The Senate Judiciary Committee backed a measure designed to help state courts improve their handling of adult guardianship cases in an effort to prevent exploitation of seniors and the disabled.
The amended bill (S 1744) would authorize grants for the courts to update their practices on guardians overseeing adults who are unable to manage property and accounts, as well as conservators tasked with managing adults’ estates.
The Judiciary panel approved the measure in a 15-3 vote, with Republicans Jeff Sessions of Alabama, Tom Coburn of Oklahoma and Mike Lee of Utah opposing it.
“I know every state has incidences of people getting ripped off millions of dollars when their loved one is supposed to be under the care of a guardian,” said Minnesota Democrat Amy Klobuchar , the bill’s sponsor. “Most guardians do amazing work, good work, but . . . [some] are causing a lot of harm.”
Klobuchar is the chairwoman of the Judiciary panel’s Subcommittee on Administrative Oversight and the Courts, which held a hearing last year to examine court-appointed guardians for seniors and the disabled.
“It is a moral imperative that we take action,” Klobuchar said at the Sept. 22 hearing, citing a Government Accountability Office report on wrongdoing by guardians.
The 2010 report identified hundreds of allegations of physical abuse, neglect and financial exploitation by guardians. In 20 selected cases, the GAO found “guardians stole or otherwise improperly obtained $5.4 million in assets from 158 incapacitated victims, many of whom were seniors” and in some instances “also physically neglected and abused their victims.”
The report also revealed instances in which courts failed to adequately screen potential guardians or oversee guardians once they were appointed.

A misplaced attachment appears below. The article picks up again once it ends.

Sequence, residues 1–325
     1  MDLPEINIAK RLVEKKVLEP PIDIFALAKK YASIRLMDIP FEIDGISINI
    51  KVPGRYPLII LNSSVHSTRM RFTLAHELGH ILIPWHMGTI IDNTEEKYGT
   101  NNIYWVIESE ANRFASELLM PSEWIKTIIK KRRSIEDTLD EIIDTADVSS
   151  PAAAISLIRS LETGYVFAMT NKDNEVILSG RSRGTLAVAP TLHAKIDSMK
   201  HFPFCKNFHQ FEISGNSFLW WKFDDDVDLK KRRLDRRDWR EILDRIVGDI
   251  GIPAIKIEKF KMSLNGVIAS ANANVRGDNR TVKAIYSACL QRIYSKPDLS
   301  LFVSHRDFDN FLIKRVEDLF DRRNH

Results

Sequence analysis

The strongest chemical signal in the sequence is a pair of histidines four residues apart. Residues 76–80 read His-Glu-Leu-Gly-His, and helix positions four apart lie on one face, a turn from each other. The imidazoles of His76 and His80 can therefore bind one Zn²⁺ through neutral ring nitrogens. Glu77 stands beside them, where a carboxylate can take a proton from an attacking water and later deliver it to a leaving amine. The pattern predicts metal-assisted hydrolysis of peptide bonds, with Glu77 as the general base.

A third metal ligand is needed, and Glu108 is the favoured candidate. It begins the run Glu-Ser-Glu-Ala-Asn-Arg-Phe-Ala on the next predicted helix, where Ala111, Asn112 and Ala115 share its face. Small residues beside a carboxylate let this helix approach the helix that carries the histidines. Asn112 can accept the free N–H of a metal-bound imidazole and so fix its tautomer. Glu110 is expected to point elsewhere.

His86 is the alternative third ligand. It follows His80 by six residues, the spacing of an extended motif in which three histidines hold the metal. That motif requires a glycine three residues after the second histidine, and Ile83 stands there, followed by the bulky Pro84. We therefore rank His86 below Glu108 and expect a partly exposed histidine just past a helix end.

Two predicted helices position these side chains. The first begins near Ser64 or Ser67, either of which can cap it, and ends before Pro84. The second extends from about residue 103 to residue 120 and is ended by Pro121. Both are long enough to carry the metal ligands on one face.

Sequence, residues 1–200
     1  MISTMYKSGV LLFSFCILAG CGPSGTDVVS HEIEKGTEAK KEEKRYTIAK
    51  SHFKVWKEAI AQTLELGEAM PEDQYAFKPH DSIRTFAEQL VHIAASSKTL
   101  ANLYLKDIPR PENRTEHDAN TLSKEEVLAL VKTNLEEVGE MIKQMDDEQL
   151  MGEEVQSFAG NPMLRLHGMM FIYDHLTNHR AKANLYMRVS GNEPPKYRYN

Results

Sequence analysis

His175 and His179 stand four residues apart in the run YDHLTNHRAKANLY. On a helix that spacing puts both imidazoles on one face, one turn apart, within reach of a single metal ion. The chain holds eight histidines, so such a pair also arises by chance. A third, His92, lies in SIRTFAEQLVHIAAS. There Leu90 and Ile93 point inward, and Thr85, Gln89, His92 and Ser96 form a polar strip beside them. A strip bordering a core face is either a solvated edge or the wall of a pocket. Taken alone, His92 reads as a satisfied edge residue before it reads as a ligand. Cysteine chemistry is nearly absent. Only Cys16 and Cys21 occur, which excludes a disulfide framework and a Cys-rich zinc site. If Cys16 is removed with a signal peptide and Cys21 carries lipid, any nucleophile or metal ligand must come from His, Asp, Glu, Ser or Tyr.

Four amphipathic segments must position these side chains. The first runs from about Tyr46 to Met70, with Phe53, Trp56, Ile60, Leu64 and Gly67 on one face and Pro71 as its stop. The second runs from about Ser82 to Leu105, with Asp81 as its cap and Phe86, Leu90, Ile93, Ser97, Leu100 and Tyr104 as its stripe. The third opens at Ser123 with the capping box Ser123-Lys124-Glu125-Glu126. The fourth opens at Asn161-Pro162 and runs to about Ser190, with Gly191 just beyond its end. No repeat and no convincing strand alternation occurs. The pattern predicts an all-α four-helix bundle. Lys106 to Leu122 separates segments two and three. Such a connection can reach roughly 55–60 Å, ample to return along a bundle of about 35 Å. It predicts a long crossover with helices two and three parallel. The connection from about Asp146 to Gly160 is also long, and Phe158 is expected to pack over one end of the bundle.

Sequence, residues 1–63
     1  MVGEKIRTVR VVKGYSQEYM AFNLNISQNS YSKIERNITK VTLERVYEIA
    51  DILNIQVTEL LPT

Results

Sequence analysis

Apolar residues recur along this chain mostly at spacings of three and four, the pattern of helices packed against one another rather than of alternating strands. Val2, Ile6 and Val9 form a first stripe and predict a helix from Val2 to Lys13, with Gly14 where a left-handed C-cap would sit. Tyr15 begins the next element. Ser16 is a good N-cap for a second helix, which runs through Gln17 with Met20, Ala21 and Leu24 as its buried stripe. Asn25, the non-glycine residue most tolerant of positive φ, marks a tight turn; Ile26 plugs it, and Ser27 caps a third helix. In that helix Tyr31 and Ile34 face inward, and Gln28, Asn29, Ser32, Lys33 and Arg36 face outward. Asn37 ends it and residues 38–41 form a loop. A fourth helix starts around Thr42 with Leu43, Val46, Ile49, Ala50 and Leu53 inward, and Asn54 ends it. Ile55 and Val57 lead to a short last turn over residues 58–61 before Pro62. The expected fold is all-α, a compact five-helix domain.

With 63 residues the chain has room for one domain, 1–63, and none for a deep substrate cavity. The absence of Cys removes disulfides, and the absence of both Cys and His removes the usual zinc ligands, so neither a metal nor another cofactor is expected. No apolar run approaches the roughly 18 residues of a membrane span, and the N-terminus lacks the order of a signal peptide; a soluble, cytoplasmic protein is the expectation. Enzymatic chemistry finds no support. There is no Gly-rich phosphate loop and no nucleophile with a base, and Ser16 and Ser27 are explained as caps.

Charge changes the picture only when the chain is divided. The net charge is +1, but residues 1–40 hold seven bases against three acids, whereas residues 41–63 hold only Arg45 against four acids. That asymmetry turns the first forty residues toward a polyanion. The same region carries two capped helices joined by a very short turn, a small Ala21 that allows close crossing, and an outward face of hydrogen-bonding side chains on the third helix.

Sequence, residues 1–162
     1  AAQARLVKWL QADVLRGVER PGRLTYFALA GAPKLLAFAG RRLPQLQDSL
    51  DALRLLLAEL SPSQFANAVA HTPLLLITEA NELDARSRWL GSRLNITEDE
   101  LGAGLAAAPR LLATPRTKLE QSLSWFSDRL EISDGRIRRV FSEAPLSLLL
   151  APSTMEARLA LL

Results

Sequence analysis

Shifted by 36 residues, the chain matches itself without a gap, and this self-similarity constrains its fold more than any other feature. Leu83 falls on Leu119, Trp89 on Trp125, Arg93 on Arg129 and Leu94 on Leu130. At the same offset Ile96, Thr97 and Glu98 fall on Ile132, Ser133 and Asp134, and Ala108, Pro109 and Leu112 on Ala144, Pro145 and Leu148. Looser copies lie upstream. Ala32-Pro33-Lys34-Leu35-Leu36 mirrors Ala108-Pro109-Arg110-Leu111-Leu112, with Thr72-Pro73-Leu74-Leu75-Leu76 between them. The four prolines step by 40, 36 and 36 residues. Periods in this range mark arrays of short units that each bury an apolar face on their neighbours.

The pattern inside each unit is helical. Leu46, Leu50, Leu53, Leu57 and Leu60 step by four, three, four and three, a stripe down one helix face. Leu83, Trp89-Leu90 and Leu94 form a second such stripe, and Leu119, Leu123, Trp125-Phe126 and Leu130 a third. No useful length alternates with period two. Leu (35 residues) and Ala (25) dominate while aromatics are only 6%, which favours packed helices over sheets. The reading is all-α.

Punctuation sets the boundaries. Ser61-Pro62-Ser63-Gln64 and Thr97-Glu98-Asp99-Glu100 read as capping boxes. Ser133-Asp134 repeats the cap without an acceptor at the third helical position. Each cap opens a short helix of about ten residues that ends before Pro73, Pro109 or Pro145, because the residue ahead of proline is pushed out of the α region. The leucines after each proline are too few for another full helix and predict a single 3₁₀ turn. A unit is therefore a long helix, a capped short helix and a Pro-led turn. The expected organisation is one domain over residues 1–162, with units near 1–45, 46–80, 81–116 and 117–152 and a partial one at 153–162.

Under Klobuchar’s bill, the Health and Human Services Department could award grants to state courts to be used for assessing how they appoint and monitor guardians and conservators, as well as for making any needed changes to their practices. Recipient courts would be directed to work with their state’s aging and adult protective service agencies.
The bill also would require HHS to give the State Justice Institute (SJI) an opportunity to weigh in on how the grants are awarded, and HHS may also consult with the Justice Department.
Established in 1984, the SJI is a nonprofit corporation governed by an 11-member board composed of state court judges, members of the public and a state court administrator. It is tasked with promoting greater coordination between state and federal courts.
The bill would include no new funding. Rather it would tap into existing grant funds. It has the backing of groups such as the AARP, the American Bar Association, The National Center for State Courts and The National Guardianship Association, Klobuchar said Thursday.
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